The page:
I always notice this when flying...the sheer vastness of the world we live in. Of the complexities and intricacies of our lives, and our very existence. I don't know why, but it's always when I'm up in the sky when I realize just how such a tiny part of the universe I really am. How each of us seemingly makes up a 'blip' of the world we live in, yet that 'blip,' that seemingly tiny component, has connections with others that are so deeply rooted and intertwined that when just one of us perishes it causes a ripple effect of sadness and trauma to all the relationships we garner.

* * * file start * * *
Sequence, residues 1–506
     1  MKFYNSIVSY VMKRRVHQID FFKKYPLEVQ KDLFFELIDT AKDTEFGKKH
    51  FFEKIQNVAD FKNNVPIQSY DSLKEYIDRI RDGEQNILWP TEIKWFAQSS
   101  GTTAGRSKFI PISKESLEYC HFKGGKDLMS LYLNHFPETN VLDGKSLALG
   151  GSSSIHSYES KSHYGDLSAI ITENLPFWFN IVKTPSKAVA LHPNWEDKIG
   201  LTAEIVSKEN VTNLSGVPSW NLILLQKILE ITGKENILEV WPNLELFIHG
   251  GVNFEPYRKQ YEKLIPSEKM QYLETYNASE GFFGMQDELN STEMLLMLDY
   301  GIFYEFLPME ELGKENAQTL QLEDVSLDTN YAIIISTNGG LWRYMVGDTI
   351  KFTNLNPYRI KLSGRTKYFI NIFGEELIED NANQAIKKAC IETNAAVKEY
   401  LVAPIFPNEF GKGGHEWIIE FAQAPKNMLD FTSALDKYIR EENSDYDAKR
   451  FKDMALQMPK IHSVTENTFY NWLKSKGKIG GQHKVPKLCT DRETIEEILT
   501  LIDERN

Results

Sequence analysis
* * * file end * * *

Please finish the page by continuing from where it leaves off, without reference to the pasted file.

When you're flying above the clouds you wonder (at least I do)...what's going on below you, whose having quite possibly the best day of their lives and who is quite possibly having the worst. We know so little about others...their struggles, their joys, fears, and triumphs. The key to each of our "blips" is to make the time here on Earth count, and I mean really count. Imagine if every single individual in this world realized the frantic urgency of life, as those of us with a terminal illness do? We would all be walking around happy, knowingly doing exactly what we were put on this Earth to do. You see, the thing with urgency and feverishly living out the life you truly want is that you end up living the life you were meant to live...the life that leads to HAPPINESS. My definition of success no longer involves anything monetary...it strictly comes down to pure happiness. For people with children, strive for them to achieve joy, fulfilment, and happiness. If they have all three, then count your blessings that your child is a success. (I'm certain I've said this before but my memory is that of a piece of bread...non-existent).